9.  A LARGE cage is great for Netherland Dwarfs since they are playful and active.  You can use the type of cage in #11 listed below, or one with a Plastic Bottom with Shavings filling the bottom.  Daily cleaning to clean up the urine and poo is recommended.  Urine is the only thing that smells - not the poo and not the bunny.

10.     Or You can choose a CAGE WITH A WIRE MESH FLOOR.  This is an example of one.  This is an Indoor Wire Bottom cage.  Cages that do not have roofs on them are meant to be used Indoors only.  The benefot of a wire floor cage is that the poop and urinedrop down to a removable pan that is easy to pull out and clean.  Keeping your bunny very clean.  A small amount of shavings is put in the bottom tray for absorbtion.

This one is from Petco.com their online company.  They have another one with taller legs that some customers liked!

Also check out Amazon - "Midwest Wabbit Folding Rabbit Cage".  The size is 37"L x 19"W x 20" H, for $45.99 & free shipping.  

Amazon has other wire, pull out pan ones as well.

Get the Largest cage you can afford, bunnies need room.

11.   This 36" tall wire X-pen can be used Indoors to let your bunny safely hop around.  You can put it on a tile floor or with newspaper for the bunny to play in.  Petedge.com, Chewy.com seem to have the best prices that I found, and other supplies carry this cage.  Get the model with the "Walk In Door" for easy access.

It  can also be used Outdoor with Supervision Only.  Place on a cool surface and in the SHADE.  Never keep bunny in the full sun, and never leave your bunny unattended outside - a hawk, racoon, cat, dog or other animal can easily attack it. Direct, baking sun will kill your bunny.

Please make sure that your  grass has not been fertilized or had weed chemicals put on it.  Your bunny will be nibbling on the grass.

12.  SunGrow Wire Loom Tubing Protect Wires from Rabbits, Cats and Other Pets - Efficiently manages Open Cables  from Amazon.com
This is a great thing to get if you have your bunny scampering around your home.  Since they like to chew - your wires will be safe!!

13..  Home Made HAY TOY for RABBITS:  I take an Empty Paper towel roll, cut it in 3 pieces so I have 3 small tubes.  Then I take a big handfull of hays and push as much as I can into the tube with about 3-4 inches of hay sticking out each side.  Push in A LOT of hay so its REALLY packed tightly in there, and it will be hard for the bunnies to pull the hay out and make a mess of it.  I make 1 hay toy per rabbit.  When they finish it, I refill it.  This keeps the hay OFF their beautiful fur and they don't use it for Bedding.

Go through Google and look through the MANY excellent "how to care for your Rabbit" sites.  Find one that deals with long hair bunnies, since they need a little extra care.

Other toys you can get from your local pet store,  or Chewy.com

There is a Very Cute website I recently viewed.  It shows you how to make Home made toys for your Bunny!  It is very cute and clever.  But always remember to supervise your bunny with any toys.
 https://bunnyapproved.com/diy-rabbit-toy-ideas/  

General Bunny Care & More Information on Netherland Dwarfs

How Do I Properly Feed a Tiny Netherland Dwarf?

While proper nutrition is a must-have for all rabbits, the Netherland Dwarfs tend to have a more sensitive digestive system than most other breeds. They should NOT be “free-fed”, but should be limited to about 1/8th cup per pound of body weight of high quality pellets daily, plus hay and unlimited water. They are allergic to all nuts, cabbages, and lettuce as well. The Go Bunny Food Toppers and Treats are Safe foods and great for this breed in small amounts. The babies LOVE the “Baby’s First Greens” product!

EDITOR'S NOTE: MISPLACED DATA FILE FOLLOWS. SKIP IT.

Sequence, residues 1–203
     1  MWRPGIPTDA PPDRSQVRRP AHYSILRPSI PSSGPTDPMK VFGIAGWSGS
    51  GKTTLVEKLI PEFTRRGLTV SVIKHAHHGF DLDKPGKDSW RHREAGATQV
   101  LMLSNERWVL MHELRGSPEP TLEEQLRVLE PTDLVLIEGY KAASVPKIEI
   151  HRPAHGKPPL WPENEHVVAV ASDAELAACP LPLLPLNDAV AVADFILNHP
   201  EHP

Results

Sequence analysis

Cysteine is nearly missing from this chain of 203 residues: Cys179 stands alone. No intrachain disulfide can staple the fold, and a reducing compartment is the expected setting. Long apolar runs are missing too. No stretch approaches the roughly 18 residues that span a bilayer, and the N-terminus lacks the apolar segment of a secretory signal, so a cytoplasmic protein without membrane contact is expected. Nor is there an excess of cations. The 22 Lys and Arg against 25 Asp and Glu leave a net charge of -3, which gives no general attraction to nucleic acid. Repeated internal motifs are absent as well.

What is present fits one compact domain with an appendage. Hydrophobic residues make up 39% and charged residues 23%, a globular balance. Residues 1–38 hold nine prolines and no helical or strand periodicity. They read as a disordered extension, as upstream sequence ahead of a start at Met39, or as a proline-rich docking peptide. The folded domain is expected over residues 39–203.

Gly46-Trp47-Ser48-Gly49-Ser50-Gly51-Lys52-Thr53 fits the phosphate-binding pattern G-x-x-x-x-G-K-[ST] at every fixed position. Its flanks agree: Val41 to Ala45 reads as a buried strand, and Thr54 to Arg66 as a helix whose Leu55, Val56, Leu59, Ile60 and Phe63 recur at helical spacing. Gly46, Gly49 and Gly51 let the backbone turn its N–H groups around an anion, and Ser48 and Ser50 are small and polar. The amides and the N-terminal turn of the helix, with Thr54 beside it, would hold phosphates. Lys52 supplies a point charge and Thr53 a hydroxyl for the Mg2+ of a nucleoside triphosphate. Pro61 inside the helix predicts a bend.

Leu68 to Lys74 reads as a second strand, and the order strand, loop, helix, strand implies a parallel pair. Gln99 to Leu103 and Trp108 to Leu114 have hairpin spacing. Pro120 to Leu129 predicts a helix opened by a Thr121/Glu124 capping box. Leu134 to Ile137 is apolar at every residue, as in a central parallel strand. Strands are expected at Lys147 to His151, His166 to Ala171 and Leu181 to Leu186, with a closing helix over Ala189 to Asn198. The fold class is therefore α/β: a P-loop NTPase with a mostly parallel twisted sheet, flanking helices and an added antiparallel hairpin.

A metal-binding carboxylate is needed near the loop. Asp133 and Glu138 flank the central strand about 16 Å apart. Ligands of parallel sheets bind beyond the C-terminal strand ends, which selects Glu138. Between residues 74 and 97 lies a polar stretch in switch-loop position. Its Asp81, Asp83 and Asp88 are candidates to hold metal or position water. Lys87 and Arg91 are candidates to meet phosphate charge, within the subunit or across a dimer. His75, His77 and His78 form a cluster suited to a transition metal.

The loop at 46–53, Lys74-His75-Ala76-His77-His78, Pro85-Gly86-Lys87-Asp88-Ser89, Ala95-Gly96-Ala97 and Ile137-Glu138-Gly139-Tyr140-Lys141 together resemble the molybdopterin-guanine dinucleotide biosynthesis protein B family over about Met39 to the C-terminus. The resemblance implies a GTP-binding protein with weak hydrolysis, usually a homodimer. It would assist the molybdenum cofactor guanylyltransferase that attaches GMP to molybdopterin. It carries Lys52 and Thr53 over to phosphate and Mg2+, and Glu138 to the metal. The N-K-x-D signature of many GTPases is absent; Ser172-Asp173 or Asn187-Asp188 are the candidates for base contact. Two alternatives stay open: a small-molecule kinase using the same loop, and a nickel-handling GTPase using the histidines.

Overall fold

How Do I Train my Bunny to be Social? To insure that you have a good relationship with your bunny and that it is well-socialized rabbit who enjoys human interaction, you must take this rabbit out of its enclosure and have regular playtime. These little rabbits may look adorable and fun, but they have a natural disposition to be a little on the shy side and will jump right out of your hand if s/he is not handled enough. The more often they are outdoors being held, petted and simply being around humans, they more likely you will have a rabbit who enjoys your presence and who actually wants to be with you. With lots of playtime and patience, the Netherland Dwarf will easily befriend you. Our first Netherland Dwarf Pixie, on her second day in our home was licking and grooming my son and was happily playing with him on his lap for hours! If you are sweet and gentle and patient with a baby animal they will do the same and make a terrific pet!


Coat Care: A Netherland Dwarf’s coat is not particularly difficult to maintain. It is short to medium in length, soft, and does not need much grooming to keep it in shape. Should you find that your rabbit is shedding more than usual, this may be due to the time of the year (shedding season). If you wish to brush your rabbit during this time so there is less fur in the house, use a bristled brush and stroke in the natural direction of its fur. Remember that rabbits should never be bathed, as this causes them great stress and may cause cardiac problems. If your rabbit’s fur is dirty, simply clean it with a damp cloth. Check their “bottoms” daily to make sure they are clean and free from poop.


What Is My Rabbit Trying to Tell Me?


While rabbits obviously cannot speak to you, they still will communicate with body language and sounds. Here is a list of the behaviors and sounds your rabbit can use to talk to you. Also ALL Dwarf Breeds are not crazy about being carried around - Fuzzy Lops, Netherlands, Lion Heads, Hollands, etc.... Once you gain his trust, he will let you carry him. They all DO Love sitting next to you and being pet and spoken to, watch TV with you and play with you in your home running around and playing with toys.


  • Grunts or growling. When your bunny growls at you it means that he is angry. It will often be followed by him either biting or turning his back on you.

  • Oinking. Your rabbit may make this sound when he or she is content, or when he/she is in heat.